"For some reason, this bike is sturdy enough that I'm learning to feel more comfortable in Baltimore traffic," she said.

Some might wonder why anybody would clutter up his apartment with bikes and bike parts, and spend effort, time and money fixing up old bikes, just to give them away.

Not the people who know Downey.

"He has a highly developed social conscience," said Leslie.

Both Leslie and Salmun have worked with Downey during his three years at Hopkins, and both have come to appreciate him personally, and to respect his academic work. Downey, who has bachelor's and master's degrees in computer science, worked for five years as a programmer before earning a master's degree in liberal arts.

He came to Hopkins because he wanted to study both geography and the history of technology, and Hopkins made it work. Downey is a student in both the Krieger School of Arts and Sciences (History of Science, Medicine and Technology) and the Whiting School of Engineering (Geography and Environmental Engineering).

"We share him," Leslie said. "We created a special program just for him, essentially. It's worked out well."

"He has an incredible ability to deal with technology in ways that are incredibly sweet," Salmun said. "The breadth of his interests is just amazing to me. I have found that Greg has the capacity to learn something from everything he does."

One moment Downey will tap a few keys on his laptop and quote the number of messenger boys hired by Western Union in 1929--8,000--and the next he'll talk of how he thinks of the bicycle messengers as he bikes through Baltimore's streets. Reminders of them are all around us, he said.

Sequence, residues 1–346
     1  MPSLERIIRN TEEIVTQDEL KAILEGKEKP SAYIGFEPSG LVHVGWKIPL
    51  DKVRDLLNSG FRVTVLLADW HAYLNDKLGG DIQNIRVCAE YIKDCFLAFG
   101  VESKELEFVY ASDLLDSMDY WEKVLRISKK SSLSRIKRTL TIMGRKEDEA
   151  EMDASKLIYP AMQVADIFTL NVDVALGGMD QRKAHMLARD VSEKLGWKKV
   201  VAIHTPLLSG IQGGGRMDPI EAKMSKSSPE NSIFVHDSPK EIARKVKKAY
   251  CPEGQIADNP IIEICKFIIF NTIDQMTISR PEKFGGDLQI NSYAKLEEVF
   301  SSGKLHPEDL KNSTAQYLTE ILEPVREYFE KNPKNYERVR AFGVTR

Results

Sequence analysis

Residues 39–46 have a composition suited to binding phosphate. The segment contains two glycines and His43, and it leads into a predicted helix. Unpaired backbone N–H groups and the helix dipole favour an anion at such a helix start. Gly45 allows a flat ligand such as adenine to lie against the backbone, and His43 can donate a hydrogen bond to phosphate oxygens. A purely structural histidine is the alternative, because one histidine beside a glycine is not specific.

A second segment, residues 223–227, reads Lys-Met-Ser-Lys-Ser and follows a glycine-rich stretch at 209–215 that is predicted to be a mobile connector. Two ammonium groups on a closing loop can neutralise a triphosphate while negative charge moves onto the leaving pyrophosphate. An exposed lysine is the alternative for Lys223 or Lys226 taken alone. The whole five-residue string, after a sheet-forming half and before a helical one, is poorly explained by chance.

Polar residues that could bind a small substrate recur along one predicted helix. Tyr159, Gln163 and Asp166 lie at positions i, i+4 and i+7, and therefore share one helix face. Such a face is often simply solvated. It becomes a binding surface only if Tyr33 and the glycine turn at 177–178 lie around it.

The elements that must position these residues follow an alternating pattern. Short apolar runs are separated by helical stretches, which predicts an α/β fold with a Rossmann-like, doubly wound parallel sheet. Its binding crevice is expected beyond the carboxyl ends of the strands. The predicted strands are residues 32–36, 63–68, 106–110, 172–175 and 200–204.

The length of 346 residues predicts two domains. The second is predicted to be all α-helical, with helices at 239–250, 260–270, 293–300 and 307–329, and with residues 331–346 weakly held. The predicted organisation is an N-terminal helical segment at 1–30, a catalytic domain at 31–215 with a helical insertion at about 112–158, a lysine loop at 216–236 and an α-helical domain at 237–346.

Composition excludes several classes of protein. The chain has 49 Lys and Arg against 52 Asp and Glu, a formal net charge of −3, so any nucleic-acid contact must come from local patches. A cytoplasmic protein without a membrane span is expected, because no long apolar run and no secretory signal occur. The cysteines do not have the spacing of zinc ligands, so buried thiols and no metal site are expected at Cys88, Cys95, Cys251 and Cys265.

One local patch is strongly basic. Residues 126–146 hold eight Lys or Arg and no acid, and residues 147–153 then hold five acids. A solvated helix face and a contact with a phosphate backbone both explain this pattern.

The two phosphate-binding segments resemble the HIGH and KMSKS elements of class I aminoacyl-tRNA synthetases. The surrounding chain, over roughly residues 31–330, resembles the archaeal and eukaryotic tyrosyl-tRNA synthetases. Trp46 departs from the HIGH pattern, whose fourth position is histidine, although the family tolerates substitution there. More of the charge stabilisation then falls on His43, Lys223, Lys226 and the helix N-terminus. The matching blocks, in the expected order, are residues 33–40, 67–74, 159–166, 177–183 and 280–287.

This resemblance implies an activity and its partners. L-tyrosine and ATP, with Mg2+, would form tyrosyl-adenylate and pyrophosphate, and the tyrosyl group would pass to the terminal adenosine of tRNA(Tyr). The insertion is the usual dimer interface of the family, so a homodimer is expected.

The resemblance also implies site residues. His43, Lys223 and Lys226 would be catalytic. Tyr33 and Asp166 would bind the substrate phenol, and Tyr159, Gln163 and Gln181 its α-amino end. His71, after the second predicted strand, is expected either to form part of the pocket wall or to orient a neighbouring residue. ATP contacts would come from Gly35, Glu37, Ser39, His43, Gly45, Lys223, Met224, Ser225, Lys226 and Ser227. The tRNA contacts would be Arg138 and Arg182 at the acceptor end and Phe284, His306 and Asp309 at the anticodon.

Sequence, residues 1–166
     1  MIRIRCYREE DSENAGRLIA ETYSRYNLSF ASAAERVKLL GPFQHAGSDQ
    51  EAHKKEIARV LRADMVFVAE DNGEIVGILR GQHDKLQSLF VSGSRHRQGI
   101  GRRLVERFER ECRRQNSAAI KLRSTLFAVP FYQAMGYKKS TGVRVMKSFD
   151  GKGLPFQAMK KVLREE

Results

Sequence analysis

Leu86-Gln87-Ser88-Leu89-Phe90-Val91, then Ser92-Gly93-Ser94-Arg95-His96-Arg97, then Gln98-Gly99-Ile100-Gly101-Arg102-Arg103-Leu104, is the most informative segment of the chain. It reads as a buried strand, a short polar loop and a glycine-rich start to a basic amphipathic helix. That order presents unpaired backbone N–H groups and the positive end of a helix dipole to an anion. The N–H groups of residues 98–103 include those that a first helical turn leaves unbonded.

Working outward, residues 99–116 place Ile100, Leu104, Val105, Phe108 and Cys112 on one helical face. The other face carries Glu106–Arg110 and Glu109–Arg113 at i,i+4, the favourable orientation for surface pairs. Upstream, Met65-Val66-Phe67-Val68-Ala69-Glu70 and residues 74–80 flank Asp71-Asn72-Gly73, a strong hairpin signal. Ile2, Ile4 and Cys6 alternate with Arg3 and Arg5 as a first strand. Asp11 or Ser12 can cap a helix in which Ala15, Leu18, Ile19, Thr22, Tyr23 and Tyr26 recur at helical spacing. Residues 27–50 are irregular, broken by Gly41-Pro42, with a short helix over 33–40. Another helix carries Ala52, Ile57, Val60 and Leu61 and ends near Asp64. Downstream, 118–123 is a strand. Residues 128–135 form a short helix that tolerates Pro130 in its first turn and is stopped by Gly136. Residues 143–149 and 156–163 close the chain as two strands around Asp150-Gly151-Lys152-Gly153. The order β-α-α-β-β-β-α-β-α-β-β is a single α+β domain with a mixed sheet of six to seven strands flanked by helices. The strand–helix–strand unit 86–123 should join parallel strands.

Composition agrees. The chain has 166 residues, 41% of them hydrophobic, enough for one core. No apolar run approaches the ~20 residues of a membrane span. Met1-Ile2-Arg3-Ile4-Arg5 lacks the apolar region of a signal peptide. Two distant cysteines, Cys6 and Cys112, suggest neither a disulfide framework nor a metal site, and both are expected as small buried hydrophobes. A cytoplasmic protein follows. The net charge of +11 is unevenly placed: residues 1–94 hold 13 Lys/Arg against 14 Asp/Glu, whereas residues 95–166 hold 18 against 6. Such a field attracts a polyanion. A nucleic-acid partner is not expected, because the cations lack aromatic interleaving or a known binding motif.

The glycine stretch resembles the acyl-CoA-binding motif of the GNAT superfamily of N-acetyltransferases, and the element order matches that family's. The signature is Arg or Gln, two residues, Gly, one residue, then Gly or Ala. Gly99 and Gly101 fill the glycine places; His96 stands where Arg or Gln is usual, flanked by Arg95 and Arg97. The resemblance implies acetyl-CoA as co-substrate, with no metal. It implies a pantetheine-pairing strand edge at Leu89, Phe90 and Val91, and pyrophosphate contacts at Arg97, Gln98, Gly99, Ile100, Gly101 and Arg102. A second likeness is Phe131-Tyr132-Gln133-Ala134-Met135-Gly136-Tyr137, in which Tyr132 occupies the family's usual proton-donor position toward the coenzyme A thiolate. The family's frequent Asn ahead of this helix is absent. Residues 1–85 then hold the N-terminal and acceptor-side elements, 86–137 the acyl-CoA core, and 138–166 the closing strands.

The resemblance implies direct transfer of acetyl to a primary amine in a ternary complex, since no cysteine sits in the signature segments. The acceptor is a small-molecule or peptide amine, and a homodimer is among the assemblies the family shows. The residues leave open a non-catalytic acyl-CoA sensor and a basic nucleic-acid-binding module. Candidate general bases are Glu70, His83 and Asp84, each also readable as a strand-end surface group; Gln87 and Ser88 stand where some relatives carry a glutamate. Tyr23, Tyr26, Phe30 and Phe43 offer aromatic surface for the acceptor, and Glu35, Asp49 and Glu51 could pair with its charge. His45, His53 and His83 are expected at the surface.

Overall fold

"The company known as ADT--the security company--started out as American District Telegraph," he said. Beginning in 1872, ADT hired messenger boys and then contracted them out to Western Union, kind of a temp service.

"So anytime I see one of those ADT signs or stickers," he said, "I can't help but think of the telegraph messengers."

Same thing with the FTD flower delivery service. It started out as the Florist Telegraph Delivery Association, and it was the messenger boys who delivered the flowers, Downey explained.

Where possible, Downey is taking a scientific look at the messenger service, analyzing, for example, 20 years' worth of financial reports from the Philadelphia branch of ADT. But he's also looking at things like the uniforms the messengers wore, what kind of bikes they used, how the public thought of them and how they were treated.

A bicycle messenger boy normally got recruited to the job by the lure of a uniform and a bicycle. And for working 11 hours a day, six days a week, the proud messenger made $2.50 a week-- before a dollar was deducted to pay for the uniform and bike.

"They really churned through boys," Downey said, citing an example of Western Union's hiring 600 messengers in one year to fill 200 openings.

Leslie is encouraging Downey to turn his dissertation work into a book, and the idea appeals to him. "I think it would make a good story."

For now, he concentrates on researching and repairing.

"I'm using the messengers to look at the broader telegraph system," Downey said. "It's a big topic, and this is one way to get into it. I've been interested in cities. I've been interested in information technology. I've been interested in bicycles, in human-powered machines. So a lot of things are coming together for me on this."